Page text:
“We need to create the kind of pressure on those who are responsible for these tragedies, namely the SAC (the State Administration Council that currently rules Myanmar), so that they understand that there’s a price to pay (and) that what they’re doing now is not sustainable — and unless and until they receive that message from the international community, impunity will continue to reign,” he said.

In his report to the Human Rights Council, published on the eve of the second anniversary of the military coup in Myanmar that ousted Aung San Suu Kyi’s elected government, Andrews described the coup as “illegal” and the military’s claim to be the country’s legitimate government as “illegitimate.”

He called for nations that support human rights to recognize the National Unity Government, the main underground group coordinating resistance to the military rule, as the legitimate representatives of the people of Myanmar. It was formed by elected politicians prevented from taking their seats when the military seized power.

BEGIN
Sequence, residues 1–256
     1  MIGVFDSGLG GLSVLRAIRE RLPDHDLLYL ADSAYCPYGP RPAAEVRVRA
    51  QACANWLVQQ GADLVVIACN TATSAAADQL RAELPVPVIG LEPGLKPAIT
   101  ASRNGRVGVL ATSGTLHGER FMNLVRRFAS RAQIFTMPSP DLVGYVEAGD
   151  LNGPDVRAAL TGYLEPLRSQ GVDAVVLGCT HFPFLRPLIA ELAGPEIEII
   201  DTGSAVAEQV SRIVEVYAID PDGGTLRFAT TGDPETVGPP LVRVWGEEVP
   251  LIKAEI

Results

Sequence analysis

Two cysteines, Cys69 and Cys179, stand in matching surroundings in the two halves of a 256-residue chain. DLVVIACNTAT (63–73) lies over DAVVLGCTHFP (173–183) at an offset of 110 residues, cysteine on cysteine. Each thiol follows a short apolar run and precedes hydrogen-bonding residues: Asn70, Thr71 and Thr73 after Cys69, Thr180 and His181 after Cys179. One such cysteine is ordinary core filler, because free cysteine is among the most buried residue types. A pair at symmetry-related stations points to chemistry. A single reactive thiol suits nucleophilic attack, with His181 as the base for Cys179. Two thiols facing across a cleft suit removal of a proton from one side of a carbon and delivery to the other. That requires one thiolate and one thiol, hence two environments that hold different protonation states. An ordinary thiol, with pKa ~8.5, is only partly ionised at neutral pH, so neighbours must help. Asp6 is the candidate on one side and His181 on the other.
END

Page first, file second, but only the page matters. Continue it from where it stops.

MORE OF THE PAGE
Andrews said UN member states “have an important responsibility and role to play in determining whether Myanmar’s military junta will succeed in achieving its goal of being accepted as legitimate and gaining control of a nation in revolt.”

He described the situation in Myanmar as “the forgotten war” and accused the international community of failing to properly address the crisis and “the junta’s systematic crimes against humanity and war crimes.”

Since the military came to power, he said at least 2,900 people, and probably many more, have died, 17,500 people are political prisoners and at least 38,000 homes, clinics and schools have been burned to the ground.